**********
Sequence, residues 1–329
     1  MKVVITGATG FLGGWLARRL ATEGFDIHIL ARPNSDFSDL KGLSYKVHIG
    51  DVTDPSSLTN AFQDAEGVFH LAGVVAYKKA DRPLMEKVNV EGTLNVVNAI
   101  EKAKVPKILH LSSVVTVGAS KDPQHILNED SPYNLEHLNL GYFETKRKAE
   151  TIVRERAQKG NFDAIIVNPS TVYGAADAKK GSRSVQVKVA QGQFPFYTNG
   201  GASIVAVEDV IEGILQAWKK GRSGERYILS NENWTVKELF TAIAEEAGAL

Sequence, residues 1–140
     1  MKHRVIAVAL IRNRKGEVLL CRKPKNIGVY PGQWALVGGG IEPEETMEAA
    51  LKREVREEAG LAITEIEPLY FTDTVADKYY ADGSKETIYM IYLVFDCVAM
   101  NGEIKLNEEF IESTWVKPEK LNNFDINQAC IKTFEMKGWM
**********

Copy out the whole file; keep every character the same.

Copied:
Sequence, residues 1–329
     1  MKVVITGATG FLGGWLARRL ATEGFDIHIL ARPNSDFSDL KGLSYKVHIG
    51  DVTDPSSLTN AFQDAEGVFH LAGVVAYKKA DRPLMEKVNV EGTLNVVNAI
   101  EKAKVPKILH LSSVVTVGAS KDPQHILNED SPYNLEHLNL GYFETKRKAE
   151  TIVRERAQKG NFDAIIVNPS TVYGAADAKK GSRSVQVKVA QGQFPFYTNG
   201  GASIVAVEDV IEGILQAWKK GRSGERYILS NENWTVKELF TAIAEEAGAL

Sequence, residues 1–140
     1  MKHRVIAVAL IRNRKGEVLL CRKPKNIGVY PGQWALVGGG IEPEETMEAA
    51  LKREVREEAG LAITEIEPLY FTDTVADKYY ADGSKETIYM IYLVFDCVAM
   101  NGEIKLNEEF IESTWVKPEK LNNFDINQAC IKTFEMKGWM